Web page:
GSK is paying Adaptimmune 30 million pounds sterling ($37.3 million) to wipe its hands of two programs, one of which includes lete-cel, an asset the U.K. pharma at one point touted as its leading cell therapy.
Last October, GSK axed its NY-ESO-1 T-cell receptor (TCR) pact for lete-cel with Lyell that was worth over $1 billion in biobucks, moving the program over to T-cell therapy-focused Adaptimmune, where lete-cel originated. Now, the Big Pharma is giving back all rights and materials related to the NY-ESO program to Adaptimmune, alongside a cell therapy program in preclinical development dubbed PRAME.
Sponsorship for the midstage clinical trial IGNYTE-ESO will also be transferred back to Adaptimmune in the third quarter of this year. The phase 2 study is assessing lete-cel alongside two chemotherapies in patients with NY-ESO-1 and/or LAGE-1a positive solid tumors. The Big Pharma is also handing over responsibility for a related long-term follow-up trial. All other clinical trials tied to the NY-ESO program have already wrapped up enrollment and are completed or will be soon by GSK.
For the trouble of transferring the clinical trials, GSK is doling out the 30 million pound payment to Adaptimmune, consisting of an upfront fee plus milestones.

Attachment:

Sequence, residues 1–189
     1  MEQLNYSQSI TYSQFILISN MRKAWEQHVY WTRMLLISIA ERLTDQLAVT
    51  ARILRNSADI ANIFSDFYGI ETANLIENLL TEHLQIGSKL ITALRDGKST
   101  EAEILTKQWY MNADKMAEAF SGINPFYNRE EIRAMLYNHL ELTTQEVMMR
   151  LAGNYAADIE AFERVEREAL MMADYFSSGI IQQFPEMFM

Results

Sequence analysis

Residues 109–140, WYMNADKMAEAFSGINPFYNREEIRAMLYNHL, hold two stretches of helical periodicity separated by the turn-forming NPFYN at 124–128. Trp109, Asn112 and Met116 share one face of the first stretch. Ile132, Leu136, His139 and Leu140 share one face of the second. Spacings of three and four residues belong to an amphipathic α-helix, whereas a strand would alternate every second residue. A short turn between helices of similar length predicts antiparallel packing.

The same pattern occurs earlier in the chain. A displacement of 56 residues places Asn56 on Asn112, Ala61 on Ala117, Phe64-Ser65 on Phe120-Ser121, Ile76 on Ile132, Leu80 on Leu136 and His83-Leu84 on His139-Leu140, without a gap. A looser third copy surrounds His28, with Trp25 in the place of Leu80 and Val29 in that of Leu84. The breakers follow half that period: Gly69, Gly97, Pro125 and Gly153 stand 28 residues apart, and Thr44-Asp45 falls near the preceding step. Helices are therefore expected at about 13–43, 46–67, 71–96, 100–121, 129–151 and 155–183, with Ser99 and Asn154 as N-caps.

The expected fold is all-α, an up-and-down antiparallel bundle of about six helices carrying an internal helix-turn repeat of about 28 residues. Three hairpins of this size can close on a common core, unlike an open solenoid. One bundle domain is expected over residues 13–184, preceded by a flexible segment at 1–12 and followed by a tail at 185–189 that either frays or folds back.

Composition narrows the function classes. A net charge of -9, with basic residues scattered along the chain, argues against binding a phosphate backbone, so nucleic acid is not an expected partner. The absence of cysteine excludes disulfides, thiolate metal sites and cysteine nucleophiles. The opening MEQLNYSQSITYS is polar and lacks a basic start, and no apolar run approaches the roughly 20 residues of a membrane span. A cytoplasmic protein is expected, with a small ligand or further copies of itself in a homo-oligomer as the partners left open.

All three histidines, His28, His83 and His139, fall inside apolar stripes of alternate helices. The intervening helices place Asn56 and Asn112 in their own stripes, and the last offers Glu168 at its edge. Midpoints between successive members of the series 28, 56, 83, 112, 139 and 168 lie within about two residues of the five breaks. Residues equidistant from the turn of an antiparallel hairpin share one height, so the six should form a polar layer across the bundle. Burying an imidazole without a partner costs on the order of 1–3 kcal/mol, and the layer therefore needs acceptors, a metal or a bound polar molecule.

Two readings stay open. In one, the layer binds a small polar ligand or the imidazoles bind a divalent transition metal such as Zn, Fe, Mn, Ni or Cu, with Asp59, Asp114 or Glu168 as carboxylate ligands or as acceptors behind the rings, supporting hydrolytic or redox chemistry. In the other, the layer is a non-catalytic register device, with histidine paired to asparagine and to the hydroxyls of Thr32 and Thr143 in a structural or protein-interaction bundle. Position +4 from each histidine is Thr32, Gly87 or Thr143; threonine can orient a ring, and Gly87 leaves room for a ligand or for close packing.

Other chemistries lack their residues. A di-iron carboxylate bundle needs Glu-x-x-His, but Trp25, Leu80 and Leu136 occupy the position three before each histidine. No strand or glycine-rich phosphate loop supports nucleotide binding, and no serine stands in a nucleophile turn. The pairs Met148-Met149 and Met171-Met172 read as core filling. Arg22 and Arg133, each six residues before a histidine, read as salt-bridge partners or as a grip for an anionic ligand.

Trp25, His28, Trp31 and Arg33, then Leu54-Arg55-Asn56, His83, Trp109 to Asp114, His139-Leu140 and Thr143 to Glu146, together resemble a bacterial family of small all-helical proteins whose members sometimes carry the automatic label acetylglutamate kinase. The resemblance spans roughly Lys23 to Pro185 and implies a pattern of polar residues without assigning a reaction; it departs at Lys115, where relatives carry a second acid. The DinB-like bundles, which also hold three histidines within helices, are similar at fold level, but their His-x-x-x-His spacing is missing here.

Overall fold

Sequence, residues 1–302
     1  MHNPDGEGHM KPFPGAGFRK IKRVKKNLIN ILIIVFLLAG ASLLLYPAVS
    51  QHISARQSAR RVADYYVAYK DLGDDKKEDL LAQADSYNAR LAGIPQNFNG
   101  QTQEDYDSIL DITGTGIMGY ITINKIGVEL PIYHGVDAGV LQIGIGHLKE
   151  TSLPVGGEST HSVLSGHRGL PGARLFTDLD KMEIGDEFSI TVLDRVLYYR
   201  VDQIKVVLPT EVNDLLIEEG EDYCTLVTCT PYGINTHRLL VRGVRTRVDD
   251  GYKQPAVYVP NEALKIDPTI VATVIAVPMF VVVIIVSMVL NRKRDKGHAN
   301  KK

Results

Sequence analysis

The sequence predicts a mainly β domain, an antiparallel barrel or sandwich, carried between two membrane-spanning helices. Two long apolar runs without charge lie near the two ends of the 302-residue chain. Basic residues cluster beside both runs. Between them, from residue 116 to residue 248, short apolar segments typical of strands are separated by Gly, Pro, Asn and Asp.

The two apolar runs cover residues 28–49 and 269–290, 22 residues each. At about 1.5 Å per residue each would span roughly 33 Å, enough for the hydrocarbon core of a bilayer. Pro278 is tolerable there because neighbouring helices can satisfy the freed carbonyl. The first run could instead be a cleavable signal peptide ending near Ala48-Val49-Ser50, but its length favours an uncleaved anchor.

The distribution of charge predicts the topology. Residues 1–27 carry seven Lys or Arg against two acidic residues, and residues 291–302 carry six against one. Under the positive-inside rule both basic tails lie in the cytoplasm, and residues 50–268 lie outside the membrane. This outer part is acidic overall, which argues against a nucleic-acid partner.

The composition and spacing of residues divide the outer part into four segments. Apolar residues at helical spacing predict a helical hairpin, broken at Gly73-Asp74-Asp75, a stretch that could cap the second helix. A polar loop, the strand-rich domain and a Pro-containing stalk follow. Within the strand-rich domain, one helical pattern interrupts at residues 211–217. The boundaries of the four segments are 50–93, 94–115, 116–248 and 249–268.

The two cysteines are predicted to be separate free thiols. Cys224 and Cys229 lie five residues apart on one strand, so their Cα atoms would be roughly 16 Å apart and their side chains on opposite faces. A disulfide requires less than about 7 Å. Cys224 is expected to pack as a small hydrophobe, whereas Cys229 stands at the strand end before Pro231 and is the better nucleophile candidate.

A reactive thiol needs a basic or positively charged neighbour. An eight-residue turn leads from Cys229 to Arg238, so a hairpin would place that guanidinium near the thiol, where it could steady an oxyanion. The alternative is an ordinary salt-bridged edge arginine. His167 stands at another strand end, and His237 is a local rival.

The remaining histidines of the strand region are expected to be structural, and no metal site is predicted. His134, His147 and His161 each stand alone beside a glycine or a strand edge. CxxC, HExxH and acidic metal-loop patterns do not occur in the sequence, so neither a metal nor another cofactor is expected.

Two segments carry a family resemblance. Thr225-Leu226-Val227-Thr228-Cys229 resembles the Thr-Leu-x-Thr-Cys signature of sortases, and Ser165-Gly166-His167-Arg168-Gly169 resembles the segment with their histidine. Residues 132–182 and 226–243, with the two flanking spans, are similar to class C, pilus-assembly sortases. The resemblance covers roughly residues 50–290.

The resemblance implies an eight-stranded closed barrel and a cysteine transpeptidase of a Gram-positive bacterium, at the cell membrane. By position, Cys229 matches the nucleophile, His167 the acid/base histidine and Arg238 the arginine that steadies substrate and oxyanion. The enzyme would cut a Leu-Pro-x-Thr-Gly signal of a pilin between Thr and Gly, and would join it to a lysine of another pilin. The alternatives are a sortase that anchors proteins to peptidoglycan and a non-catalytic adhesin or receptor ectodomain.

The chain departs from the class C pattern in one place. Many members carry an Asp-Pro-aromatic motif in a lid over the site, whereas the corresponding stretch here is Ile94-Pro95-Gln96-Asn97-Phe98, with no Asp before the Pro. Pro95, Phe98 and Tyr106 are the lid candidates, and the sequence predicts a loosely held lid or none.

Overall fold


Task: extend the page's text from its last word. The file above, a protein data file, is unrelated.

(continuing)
The first-gen candidate lete-cel was at one point GSK’s lead cell therapy candidate, though the Big Pharma appeared to reassess its broader work on NY-ESO-1 after lackluster data from a phase 1/2 non-small cell lung cancer trial prompted an early end to enrollment. After that, GSK ended its Lyell partnership, which aimed to use Lyell's tech to improve the depth and durability of clinical responses.
The Big Pharma then gave the program back to Adaptimmune, a biotech that struck up a partnership with GSK in 2014. Back then, the companies agreed to look at up to five programs, with the first being NY-ESO, which GSK exclusively licensed three years later. The PRAME program also sprung from this collaboration.
Adaptimmune plans to have the targeted TCR T-cell therapy ready for an IND submission later this year, which would allow the program to be assessed in human trials if approved by the FDA.